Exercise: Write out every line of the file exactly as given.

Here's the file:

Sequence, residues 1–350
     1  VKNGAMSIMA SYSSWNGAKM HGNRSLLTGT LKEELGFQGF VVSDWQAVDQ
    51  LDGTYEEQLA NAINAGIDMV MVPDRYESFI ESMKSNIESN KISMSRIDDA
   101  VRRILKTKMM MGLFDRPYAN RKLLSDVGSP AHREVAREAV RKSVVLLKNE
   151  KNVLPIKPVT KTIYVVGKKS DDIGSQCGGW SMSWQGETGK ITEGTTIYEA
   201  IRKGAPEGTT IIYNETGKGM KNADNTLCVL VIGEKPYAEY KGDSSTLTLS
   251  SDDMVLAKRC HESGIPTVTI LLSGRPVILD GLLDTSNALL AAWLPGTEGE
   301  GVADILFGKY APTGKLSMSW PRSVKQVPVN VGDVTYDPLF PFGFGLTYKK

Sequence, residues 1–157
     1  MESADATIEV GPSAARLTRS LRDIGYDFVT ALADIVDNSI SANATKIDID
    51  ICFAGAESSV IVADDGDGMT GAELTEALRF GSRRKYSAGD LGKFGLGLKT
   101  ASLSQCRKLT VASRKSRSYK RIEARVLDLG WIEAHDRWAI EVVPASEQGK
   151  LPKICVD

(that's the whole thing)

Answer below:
Sequence, residues 1–350
     1  VKNGAMSIMA SYSSWNGAKM HGNRSLLTGT LKEELGFQGF VVSDWQAVDQ
    51  LDGTYEEQLA NAINAGIDMV MVPDRYESFI ESMKSNIESN KISMSRIDDA
   101  VRRILKTKMM MGLFDRPYAN RKLLSDVGSP AHREVAREAV RKSVVLLKNE
   151  KNVLPIKPVT KTIYVVGKKS DDIGSQCGGW SMSWQGETGK ITEGTTIYEA
   201  IRKGAPEGTT IIYNETGKGM KNADNTLCVL VIGEKPYAEY KGDSSTLTLS
   251  SDDMVLAKRC HESGIPTVTI LLSGRPVILD GLLDTSNALL AAWLPGTEGE
   301  GVADILFGKY APTGKLSMSW PRSVKQVPVN VGDVTYDPLF PFGFGLTYKK

Sequence, residues 1–157
     1  MESADATIEV GPSAARLTRS LRDIGYDFVT ALADIVDNSI SANATKIDID
    51  ICFAGAESSV IVADDGDGMT GAELTEALRF GSRRKYSAGD LGKFGLGLKT
   101  ASLSQCRKLT VASRKSRSYK RIEARVLDLG WIEAHDRWAI EVVPASEQGK
   151  LPKICVD